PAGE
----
While wealth is at its all-time high, and its concentration in central figures is as saturated as it has ever been, we very rarely see projects with strong central ideas that aren't just SaaS fodder aiming to pull $10/user/month to satisfy annualized returns for their investors and their investors' investors. There's very little sense of community, no grand sense of how the world should be, no wherewithal to invest because "f*ck it, I want something grand to be made for the people".
In fact, I'd go as far as to say the only reason we have a few gems that emerge is that the "spray-and-pray" unicorn-seeking strategy of venture capital naturally creates a few higher-order gems as a product of the random walks.
The reason probably involves the systematization of venture capital and its equally short-term success metrics. Let's be real, VCs invest for their twitter bios and 2 and 20s. A VC is considered long-termist if they stood by for a measly 2 years waiting for revenue.
This leads me to a troubling thought: what projects of grand human utility do we not fund because of the current incentive structures?
Consider the 3 biggest concepts of venture capital today, simplified:
These ideas promote the worst kind of lazy thinking in our brightest minds. They are promoted by revered thinkers who care much more about the gamification of the system to hit unicorn status than actual outcomes for humanity (some, like Paul Graham, have 1.4 million followers).
The hustle is no longer about building something to push humanity forward; it's about finding the fast path to people's wallets.
This isn't so bad for a certain class of problems. Consumers want utility and utility is often voiced in dollars spent. Using dollars spent as a path chasing algorithm isn't a terrible idea, again, for some class of problems.
Yet we prescribe it as dogma for everyone in the industry and almost every dollar invested. So much so that we've completely killed the idea of long-term projects outside of academia.
I'll often meet founders cornered into building yet another issue system because Acme Corp offered them $50k/month for it. All the capital incentives were satisfied. But did the world really need our brightest working on another Jira?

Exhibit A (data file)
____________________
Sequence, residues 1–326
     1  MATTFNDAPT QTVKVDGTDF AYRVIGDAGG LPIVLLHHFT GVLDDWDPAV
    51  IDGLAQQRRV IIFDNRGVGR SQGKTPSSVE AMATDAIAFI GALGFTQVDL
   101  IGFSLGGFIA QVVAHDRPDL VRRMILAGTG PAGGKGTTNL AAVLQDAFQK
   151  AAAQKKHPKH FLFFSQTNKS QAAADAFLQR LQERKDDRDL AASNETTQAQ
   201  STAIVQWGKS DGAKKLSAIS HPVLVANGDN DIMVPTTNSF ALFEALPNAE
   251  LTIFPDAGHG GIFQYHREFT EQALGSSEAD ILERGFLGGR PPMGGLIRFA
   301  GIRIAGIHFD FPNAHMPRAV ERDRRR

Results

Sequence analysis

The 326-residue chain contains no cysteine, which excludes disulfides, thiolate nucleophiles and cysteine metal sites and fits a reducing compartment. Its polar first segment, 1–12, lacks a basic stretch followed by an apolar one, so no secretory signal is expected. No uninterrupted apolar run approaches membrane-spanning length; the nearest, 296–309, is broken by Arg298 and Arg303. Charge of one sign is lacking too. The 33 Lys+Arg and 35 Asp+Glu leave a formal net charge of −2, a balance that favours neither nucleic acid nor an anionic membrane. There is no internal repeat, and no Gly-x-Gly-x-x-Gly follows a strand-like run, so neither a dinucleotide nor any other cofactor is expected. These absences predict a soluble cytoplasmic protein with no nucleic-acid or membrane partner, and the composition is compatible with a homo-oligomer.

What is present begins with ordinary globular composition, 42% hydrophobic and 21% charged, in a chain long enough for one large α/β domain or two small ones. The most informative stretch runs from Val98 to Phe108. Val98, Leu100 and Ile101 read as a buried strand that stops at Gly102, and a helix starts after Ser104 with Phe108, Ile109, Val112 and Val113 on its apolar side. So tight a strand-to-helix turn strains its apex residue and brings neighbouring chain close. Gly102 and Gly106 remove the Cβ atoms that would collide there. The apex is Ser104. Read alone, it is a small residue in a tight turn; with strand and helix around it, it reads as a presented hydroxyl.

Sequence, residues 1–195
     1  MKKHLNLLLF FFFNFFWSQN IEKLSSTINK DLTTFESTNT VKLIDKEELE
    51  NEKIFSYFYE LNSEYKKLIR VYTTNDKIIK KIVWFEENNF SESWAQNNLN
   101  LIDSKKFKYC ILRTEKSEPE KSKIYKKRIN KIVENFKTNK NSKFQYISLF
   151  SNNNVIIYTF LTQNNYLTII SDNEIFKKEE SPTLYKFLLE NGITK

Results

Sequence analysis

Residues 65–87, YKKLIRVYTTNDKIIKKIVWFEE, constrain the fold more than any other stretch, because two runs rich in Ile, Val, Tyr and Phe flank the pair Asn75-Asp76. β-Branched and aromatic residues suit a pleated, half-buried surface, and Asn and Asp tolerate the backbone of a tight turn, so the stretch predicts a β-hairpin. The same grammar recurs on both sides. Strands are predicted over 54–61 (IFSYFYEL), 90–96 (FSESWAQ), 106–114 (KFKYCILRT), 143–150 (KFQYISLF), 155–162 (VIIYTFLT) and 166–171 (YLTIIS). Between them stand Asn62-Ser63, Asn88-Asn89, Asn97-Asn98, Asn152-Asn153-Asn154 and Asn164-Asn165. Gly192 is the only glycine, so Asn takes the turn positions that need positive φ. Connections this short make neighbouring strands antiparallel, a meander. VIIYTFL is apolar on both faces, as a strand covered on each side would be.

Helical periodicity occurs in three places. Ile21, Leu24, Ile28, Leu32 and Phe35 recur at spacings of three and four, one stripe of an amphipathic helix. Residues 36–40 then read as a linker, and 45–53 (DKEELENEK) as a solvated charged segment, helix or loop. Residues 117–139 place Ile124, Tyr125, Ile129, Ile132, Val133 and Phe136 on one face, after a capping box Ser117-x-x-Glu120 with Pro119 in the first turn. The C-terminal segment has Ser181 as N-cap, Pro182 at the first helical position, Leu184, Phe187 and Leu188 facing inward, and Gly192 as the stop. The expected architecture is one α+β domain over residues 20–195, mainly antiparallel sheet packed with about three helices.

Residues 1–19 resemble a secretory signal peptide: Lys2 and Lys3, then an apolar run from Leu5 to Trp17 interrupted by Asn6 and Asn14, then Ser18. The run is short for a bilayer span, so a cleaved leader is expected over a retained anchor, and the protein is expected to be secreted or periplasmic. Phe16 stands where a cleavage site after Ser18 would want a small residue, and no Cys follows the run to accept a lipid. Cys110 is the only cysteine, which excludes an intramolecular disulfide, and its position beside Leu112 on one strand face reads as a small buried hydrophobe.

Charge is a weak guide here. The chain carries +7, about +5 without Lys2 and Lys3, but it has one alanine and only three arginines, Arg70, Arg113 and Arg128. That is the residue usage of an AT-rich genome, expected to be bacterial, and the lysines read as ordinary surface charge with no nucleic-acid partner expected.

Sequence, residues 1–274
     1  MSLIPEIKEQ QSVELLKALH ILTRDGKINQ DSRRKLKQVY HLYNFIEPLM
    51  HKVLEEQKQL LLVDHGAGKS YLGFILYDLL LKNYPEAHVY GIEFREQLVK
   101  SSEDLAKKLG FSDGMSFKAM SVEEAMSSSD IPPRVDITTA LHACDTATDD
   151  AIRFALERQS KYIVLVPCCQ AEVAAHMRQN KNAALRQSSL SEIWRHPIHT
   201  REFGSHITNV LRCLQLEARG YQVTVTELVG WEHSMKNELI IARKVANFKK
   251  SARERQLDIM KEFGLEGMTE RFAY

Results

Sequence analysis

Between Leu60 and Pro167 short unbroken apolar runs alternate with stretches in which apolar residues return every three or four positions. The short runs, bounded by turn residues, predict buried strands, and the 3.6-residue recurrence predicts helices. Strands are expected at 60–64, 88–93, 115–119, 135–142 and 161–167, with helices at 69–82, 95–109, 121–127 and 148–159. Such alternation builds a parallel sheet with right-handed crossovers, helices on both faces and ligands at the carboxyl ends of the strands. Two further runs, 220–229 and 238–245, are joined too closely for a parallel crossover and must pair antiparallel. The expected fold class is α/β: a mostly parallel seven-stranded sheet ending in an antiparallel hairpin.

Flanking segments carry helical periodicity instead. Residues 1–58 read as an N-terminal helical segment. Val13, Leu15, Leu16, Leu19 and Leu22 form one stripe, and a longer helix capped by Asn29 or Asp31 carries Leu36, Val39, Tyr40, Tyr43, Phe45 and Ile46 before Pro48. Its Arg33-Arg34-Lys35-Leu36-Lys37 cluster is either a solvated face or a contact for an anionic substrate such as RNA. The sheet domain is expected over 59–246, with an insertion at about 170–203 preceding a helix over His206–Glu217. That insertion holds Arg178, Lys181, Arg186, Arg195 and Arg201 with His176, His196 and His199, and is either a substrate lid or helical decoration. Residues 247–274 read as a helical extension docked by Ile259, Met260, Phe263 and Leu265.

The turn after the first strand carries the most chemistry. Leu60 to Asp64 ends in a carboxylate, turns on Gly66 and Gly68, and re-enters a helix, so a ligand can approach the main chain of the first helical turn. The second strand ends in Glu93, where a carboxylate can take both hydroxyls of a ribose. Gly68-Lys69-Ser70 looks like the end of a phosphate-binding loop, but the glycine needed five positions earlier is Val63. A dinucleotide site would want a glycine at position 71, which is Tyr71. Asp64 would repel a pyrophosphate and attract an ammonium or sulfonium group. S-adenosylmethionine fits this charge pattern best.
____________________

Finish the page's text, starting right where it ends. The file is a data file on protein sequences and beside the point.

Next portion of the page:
The raise of PMF, MVPs, and pivots are an outcome of not having any ideological compass to drive our making and investing. They are the product of deep gamification of wealth creation by smart people. VCs game the system, makers game the system, and consumers end up with marginally better things that they'd only want after 100 million dollar marketing campaigns reprogram them.
As Charlie Munger says, "Show me the incentives and I will show you the outcome.” It is painful to imagine the level of distortion we've created in the innovation arena. What can we build together if we don't play this silly game?
The most game-changing software projects come from open source and prior exits. Both have one thing in common: they don't give a flying f*ck about money at first. They often start with ambitious goals that have nothing to do with PMF and ARR.
If we want to inspire the world we have to look past enterprise sales. We need to seek some divine goal and work relentlessly to make it happen.
Makers: find something you're willing to spend 10 difficult years on. Build short-term capital, so you can do that without being at the mercy of short-term investors. Define yourself by the pursuit of something divine not by dollars earned. Failure is inevitable. Don't sell out.
Venture capitalists: seek investors who have a vision as grand as the one you're claiming. If you have to give quarterly return reports, that's probably not it. Spend as much time finding this sort of benevolent funding as the makers you support spend crafting. Show off the amazing ideas you supported but failed, inspiring others to pickup where they've left off.
Let's not build a world filled with SaaS litter. Let's push our brightest to inspire generations.